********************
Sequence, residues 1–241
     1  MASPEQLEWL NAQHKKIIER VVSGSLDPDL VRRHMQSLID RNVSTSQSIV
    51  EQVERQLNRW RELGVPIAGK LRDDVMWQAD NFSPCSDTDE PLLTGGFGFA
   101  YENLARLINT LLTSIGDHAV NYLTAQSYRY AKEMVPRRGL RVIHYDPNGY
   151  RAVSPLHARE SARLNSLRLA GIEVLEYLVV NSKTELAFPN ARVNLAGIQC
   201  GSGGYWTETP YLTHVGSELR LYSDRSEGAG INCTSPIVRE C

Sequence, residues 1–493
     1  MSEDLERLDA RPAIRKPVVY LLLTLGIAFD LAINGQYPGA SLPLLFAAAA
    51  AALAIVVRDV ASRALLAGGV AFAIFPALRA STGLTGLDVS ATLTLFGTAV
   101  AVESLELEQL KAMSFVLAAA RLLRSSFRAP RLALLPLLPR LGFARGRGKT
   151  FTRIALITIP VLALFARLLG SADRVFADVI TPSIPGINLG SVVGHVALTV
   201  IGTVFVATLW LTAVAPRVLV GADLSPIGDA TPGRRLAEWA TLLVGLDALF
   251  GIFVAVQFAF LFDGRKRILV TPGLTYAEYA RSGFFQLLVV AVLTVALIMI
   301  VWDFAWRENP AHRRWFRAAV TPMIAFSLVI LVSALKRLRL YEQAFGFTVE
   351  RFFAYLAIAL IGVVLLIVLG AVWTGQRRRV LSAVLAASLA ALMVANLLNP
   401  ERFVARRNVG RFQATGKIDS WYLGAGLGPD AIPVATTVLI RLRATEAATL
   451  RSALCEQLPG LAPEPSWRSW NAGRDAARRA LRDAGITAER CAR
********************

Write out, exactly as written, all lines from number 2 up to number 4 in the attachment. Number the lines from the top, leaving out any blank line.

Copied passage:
     1  MASPEQLEWL NAQHKKIIER VVSGSLDPDL VRRHMQSLID RNVSTSQSIV
    51  EQVERQLNRW RELGVPIAGK LRDDVMWQAD NFSPCSDTDE PLLTGGFGFA
   101  YENLARLINT LLTSIGDHAV NYLTAQSYRY AKEMVPRRGL RVIHYDPNGY